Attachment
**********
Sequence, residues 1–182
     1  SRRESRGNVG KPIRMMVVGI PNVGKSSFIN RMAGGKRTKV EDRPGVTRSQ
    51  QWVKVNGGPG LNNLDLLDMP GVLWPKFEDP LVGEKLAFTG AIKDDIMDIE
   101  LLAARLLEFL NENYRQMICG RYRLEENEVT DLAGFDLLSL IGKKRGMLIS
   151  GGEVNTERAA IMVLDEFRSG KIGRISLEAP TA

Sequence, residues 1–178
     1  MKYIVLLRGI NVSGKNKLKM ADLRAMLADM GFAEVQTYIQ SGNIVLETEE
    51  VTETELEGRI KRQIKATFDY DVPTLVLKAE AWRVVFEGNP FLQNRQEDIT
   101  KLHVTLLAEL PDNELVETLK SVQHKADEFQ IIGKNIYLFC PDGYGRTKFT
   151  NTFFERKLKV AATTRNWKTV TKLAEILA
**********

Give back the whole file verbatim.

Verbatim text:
Sequence, residues 1–182
     1  SRRESRGNVG KPIRMMVVGI PNVGKSSFIN RMAGGKRTKV EDRPGVTRSQ
    51  QWVKVNGGPG LNNLDLLDMP GVLWPKFEDP LVGEKLAFTG AIKDDIMDIE
   101  LLAARLLEFL NENYRQMICG RYRLEENEVT DLAGFDLLSL IGKKRGMLIS
   151  GGEVNTERAA IMVLDEFRSG KIGRISLEAP TA

Sequence, residues 1–178
     1  MKYIVLLRGI NVSGKNKLKM ADLRAMLADM GFAEVQTYIQ SGNIVLETEE
    51  VTETELEGRI KRQIKATFDY DVPTLVLKAE AWRVVFEGNP FLQNRQEDIT
   101  KLHVTLLAEL PDNELVETLK SVQHKADEFQ IIGKNIYLFC PDGYGRTKFT
   151  NTFFERKLKV AATTRNWKTV TKLAEILA